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" The general character of this translation will be given, when it is said to preserve the wit, but to want the dignity, of the original. "
Satires - Page lxii
by Juvenal - 1802
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Lives

Samuel Johnson - English poetry - 1800
...Dryclcn, whose reputation was such- that no man was milling to serve the Muses under him. Tbegeneral character of this translation will be given, when it is said to the wit, but to want the dignity of the original. The peculiarity of ilis a mixture of gaiety and btateliness,...
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The satires of Decimus Junius Juvenalis, Volume 1

Juvenal - Latin poetry - 1803
...lived in England, and had written to this age. If sometimes any of us (and it is but seldom) makes him express the customs and manners of his native...want the dignity, of the original." Is this correct? Dry den frequently degrades the author into a jester ; but Juvenal has few moments of levity. Wit,...
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The works of the poets of Great Britain and Ireland. With prefaces ...

Great Britain - 1804
...Dryden, whose reputation was such that no man was unwilling to serve the Muses under him. The genei al character of this translation will be given, when...the wit, but to want the dignity of the original. The peculiarity of Juvenal is a mixture of gaiety and statcliness, of pointed sentences and declamatory...
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The Critical Review: Or, Annals of Literature

Tobias George Smollett - English literature - 1805
...esteemed for the learning of his notes :' he proceeds to mention that by Dryden and his coadjutors. ' The general character of this translation will be...given when it is said to preserve the wit, but to want die dignity, of the original. The peculiarity of Juvenal is a mixture of gaiety and stateliness, of...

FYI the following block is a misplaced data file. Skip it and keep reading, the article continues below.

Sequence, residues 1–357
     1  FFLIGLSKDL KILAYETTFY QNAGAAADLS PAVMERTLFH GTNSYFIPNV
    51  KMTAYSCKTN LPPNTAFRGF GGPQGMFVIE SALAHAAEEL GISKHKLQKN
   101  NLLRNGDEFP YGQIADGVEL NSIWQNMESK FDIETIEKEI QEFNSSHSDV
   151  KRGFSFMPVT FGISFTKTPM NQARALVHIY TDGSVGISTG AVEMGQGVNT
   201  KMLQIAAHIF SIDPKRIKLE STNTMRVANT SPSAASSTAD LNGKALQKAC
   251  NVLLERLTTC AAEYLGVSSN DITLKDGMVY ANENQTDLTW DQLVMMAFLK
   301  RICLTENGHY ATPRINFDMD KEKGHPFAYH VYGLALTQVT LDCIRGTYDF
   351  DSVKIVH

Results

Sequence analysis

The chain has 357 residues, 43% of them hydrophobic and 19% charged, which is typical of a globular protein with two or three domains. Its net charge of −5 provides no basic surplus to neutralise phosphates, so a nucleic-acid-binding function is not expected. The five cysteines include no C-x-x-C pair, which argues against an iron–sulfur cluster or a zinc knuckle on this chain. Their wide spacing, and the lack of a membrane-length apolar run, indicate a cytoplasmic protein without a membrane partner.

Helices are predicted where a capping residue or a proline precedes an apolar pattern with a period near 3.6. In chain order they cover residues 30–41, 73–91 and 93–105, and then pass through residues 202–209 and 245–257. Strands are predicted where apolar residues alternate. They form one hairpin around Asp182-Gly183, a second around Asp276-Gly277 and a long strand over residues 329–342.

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The Satires of Decimus Junius Juvenalis

Juvenal - Satire, Latin - 1806 - 473 pages
...few notes are sufficient to make us intelligible : we make our author at least appear in a poetick dress. We have actually made him more sounding, and...but to want the dignity, of the original," Is this " He evidently alludes to the versions of the second and eighth Satires by Tate and Stepney, but principally...
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The Satires of Decimus Junius Juvenalis

Juvenal - Satire, Latin - 1806 - 473 pages
...manners of his native country, rather than of Rome, it is, either when there was some kind of analogv, betwixt their customs and ours ; or when, to make...but to want the dignity, of the original." Is this * He evidently alludes to the versions of the second and eighth Satires by Tate and Stepney, but principally...
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The satires of Decimus Junius Juvenalis

Juvenal - 1806 - 473 pages
...analogy, betwixt their customs and ours ; or when, to make him more easy to vulgar un* derstandings, we gave him those manners which are familiar to us....but to want the dignity, of the original." Is this * He evidently alludes to the versions of the second and eighth Satires by Tate and Stepney> but principally...
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The Satires of Decimus Junius Juvenalis

Juvenal - Satire, Latin - 1806 - 473 pages
...us. But I defend not this innovation, it is enough if I can excuse it. For to speak sincerely, tlie manners of nations and ages are not to be confounded."...but to want the dignity, of the original." Is this * He evidently alludes to the versions of the second and eighth Satires by Tute and Stepney, but principally...
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The satires of Decimus Junius Juvenalis, tr. into Engl. verse, by W. Gifford ...

Juvenal - 1806
...it is somewhat more favourable: " The general character of this translation will be given when itt is. said to preserve the wit, but to want the dignity, of the original." Is this * He evidently alludes to the versions of the second and eighth Satires by Tate and Stepney, but principally...
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The Literary Miscellany: Including Dissertations and Essays on ..., Volume 2

1806
...serve the muses under him." The " general character of this translation," he adds, "will be giv" en, when it is said to preserve the wit but to want the dig" nity of the original." It is certainly difficult to decide the general character of this work,...
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